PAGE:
Our new Quad 76, 81 and 86 are new shapes that have been designed around two and four fins. We finally kept the four fin option, as it made the twin fin option obsolete. Once we finished the shapes, we went back and tested them as single fins (to check out the convertible option) and surprisingly, they worked even better everywhere than the Evos of 2009, whether waveriding or for bump and jump. The Quad 66 and 71 are based on the Evo 66 and Evo 70 shapes of 2009. The key was the placement and selection of the four fins of course.

According to Scott McKercher, one of the key points on the Quads is the choice of fins, with two big ones in front and two small ones in the back. How about the shape itself? Was there a lot of adaptation needed?
Tiesda:
We worked a lot on the shape but it wasn't to adapt to the quad set up. It was simply to improve the performance of the board in itself. Adding the fin configuration which we kept secret as long as we could only pushed the performance further than what we imagined. These new shapes have rockerlines that came from the Kodes, so they're quick and plane up fast. The tails have a lot of kick though, like the Evos, and also a lot of mono–concave. At the front, there's a lot of forward vee, again a concept that came from the Kodes. The outline came from the Evil Twin 80. So these new Evo Quad shapes are a mix of Evos, Kodes and Evil Twin. Three in one, you could say…

Did the work on SUP development help in the development of the Quads?
Tiesda:
Absolutely. If it wasn't for the discovery in SUP, which itself was inspired from the discovery in surfing, we wouldn't have quads in windsurfing.

Our chief tester, Erwan Joffroy, has tested four fin protos before on Maui. To summarise his test, even though he says there could be a breakthrough for advanced riders of high skill level, he noted many disadvantages (not accessible to use, catching waves / take off was a problem, comfort) for the average rider. Are you not worried that this four fin configuration will be too technical for the many riders who buy a waveboard just to ride in high winds with small sails?
Tiesda:
On the contrary. It is for the average rider that the difference will be the greatest, in terms of waveriding. For sure, pros like Scott will be using the Quads to push their limits of waveriding even further, but for me, Svein or other average testers, we are not radical experts and we love the Quads because they make waveriding easier than before. Simply apply heel or toe pressure and the board follows you instantly. It's fantastic. In a straight line, the board goes upwind no problems, there's no crabbing effect or spin outs. You sail it just like a normal board. For riders who are looking for a board for bump and jump in highwinds, we have the Quad Convertibles and the Kodes. Two options that will give you the single fin bump and jump style. The Quad Convertibles give you the flowing style of the Evos, and the Kodes give you the fast and aggressive style.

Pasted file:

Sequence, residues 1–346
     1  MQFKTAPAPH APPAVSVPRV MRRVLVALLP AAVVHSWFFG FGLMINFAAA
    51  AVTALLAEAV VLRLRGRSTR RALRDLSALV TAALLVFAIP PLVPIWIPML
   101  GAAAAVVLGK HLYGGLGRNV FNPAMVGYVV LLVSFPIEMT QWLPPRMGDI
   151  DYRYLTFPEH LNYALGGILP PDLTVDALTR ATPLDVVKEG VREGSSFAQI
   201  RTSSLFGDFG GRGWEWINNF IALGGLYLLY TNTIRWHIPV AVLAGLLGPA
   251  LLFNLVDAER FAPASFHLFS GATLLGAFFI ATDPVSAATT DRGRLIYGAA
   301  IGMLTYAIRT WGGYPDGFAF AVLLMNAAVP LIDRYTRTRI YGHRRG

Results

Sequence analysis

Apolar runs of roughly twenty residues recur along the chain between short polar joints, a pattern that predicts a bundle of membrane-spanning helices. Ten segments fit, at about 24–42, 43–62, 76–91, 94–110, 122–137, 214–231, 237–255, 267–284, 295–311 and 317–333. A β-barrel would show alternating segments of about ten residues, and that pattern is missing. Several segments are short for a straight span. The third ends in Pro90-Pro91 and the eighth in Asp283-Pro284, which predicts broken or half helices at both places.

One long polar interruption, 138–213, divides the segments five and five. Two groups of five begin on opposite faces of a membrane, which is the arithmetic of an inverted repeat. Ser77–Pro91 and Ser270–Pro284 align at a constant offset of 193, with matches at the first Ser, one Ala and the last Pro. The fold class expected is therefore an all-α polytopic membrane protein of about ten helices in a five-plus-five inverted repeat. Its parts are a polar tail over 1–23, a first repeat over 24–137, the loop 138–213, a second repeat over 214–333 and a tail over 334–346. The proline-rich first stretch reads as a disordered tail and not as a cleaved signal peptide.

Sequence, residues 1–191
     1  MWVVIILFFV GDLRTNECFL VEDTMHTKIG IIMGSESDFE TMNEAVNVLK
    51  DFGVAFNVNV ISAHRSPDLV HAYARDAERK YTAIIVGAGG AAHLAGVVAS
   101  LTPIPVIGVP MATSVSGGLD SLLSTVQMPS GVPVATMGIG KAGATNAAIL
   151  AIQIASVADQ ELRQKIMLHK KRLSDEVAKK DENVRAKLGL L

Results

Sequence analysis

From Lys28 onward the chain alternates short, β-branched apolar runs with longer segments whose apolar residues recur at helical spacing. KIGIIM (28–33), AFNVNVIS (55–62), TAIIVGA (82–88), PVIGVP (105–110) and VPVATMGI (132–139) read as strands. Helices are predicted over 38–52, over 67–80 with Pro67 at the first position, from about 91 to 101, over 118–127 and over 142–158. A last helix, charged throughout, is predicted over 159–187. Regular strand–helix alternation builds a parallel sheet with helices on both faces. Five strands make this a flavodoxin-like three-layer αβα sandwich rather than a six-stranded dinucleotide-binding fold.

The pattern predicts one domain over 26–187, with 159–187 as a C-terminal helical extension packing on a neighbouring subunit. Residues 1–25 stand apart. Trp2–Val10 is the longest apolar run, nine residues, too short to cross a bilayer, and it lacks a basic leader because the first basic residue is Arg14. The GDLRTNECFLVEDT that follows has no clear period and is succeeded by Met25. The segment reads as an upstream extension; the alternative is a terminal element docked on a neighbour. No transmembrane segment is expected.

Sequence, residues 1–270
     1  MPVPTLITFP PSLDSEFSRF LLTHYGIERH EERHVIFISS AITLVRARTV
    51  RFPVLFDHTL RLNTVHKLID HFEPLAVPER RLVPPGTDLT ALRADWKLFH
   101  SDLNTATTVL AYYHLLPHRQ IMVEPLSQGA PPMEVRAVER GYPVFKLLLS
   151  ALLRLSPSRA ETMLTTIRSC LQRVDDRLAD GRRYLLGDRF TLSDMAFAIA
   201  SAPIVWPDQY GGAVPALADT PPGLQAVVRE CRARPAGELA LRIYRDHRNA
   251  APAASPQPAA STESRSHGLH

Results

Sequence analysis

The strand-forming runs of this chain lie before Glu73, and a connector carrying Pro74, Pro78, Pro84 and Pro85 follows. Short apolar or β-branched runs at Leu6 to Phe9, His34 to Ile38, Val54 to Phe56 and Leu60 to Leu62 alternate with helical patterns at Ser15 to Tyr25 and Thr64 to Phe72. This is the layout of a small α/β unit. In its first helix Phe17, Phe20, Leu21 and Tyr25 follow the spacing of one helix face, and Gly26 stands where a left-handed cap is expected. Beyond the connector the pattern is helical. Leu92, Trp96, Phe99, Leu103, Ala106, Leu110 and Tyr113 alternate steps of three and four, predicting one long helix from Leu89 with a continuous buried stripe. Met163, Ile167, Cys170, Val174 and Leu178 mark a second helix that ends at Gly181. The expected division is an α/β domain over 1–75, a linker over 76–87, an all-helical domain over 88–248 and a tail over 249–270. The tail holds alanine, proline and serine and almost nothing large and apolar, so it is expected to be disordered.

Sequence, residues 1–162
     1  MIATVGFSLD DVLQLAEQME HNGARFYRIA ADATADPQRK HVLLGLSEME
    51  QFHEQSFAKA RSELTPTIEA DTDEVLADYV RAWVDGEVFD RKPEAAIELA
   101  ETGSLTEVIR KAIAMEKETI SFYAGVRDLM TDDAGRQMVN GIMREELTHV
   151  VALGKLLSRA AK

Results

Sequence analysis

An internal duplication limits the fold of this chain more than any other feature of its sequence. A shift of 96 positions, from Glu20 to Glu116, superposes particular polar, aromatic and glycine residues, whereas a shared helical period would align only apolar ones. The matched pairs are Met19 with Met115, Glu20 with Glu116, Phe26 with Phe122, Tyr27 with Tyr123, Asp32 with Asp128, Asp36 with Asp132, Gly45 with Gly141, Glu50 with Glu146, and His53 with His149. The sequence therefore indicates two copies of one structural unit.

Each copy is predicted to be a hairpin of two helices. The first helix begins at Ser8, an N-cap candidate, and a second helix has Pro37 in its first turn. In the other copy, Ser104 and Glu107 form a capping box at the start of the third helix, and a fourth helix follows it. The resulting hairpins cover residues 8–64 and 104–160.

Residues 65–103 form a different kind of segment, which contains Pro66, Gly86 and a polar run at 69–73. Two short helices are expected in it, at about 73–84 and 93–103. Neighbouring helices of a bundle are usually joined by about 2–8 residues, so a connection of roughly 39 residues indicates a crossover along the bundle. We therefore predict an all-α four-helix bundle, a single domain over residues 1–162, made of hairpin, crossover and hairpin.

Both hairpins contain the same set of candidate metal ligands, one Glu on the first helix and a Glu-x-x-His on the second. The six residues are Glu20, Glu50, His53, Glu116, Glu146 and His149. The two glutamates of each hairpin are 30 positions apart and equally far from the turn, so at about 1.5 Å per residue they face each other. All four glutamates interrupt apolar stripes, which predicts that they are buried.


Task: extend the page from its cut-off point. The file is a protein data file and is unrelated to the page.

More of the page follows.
What development was done on the fins?
Tiesda:
This was Scotty's part. He's tried everything. He bought tons of surf fins and twin windsurf fins. We also shaped lots of G10 fins, and then we opened moulds to work on different flex options. There are a lot of possible combinations, so it took a long time. Right now, we're looking at 16cm G10 in the front, symmetrically foiled, with mini tuttle finboxes and 11cm in the back, also symmetrically foiled and using an FCS type box.

What other wave boards will you have next to the Quads in 2010?
Tiesda:
There will be the Kodes of course and the Quad Convertible. The Quad Convertible is perfect for people who are looking for a board that can give you the most pure surfing performance in the waves, and then transform into a flowing, single fin bump and jumper whose riding style is like the Evos.

The work on quad fin setups has only just started and even though it's pushed the limits of waveriding and many pros have adopted it, do you think you will work on quad setups on other programs (freeride, freestyle etc.)?
Tiesda:
Good question. It will be part of our 2011 R&D but it's hard to tell how it will be and if anything will work. One thing we're trying for example is a freeride board with inspiration from the Quad fin discovery: but there are only two fins. One fin, the larger one, is in front and the back one is the smaller one. There is also the tri–fin concept to try, where this time the single fin in the back is the smaller one. The Quad concept for waveriding is already very thorough, but you are right, we are only just starting to see if there are potential multi fin evolutions to other disciplines.

In terms of wave shapes, the best riders in wave windsurfing want to get closer and closer to pure surfing. Where would this R&D take us? An ultra–small SUP Quad with a sail?
Tiesda:
For sure, we're getting closer and closer to pure surfing style. We're already working on some new generation of boards that are super thin and shaped like surf boards. We ride these boards strapless, which allows us to ride more free, with more style. We get closer to other strapless sports like surf, skate and wakeskate. At the same time, there is SUP, a discipline that meets windsurfing from a different side. The synergy is interesting and perhaps the future of waveriding will benefit from it.

Last question: will these new boards influence the profiles of sails? What is Severne working on?
Tiesda: The Quad boards won't necessarily affect your choice of sails, but it could very well be that by looking to push the limits of waveriding, windsurfers will need to find a new generation of sails that works in compliment with the boards. At Severne, I'm pretty sure they have their own best kept secrets.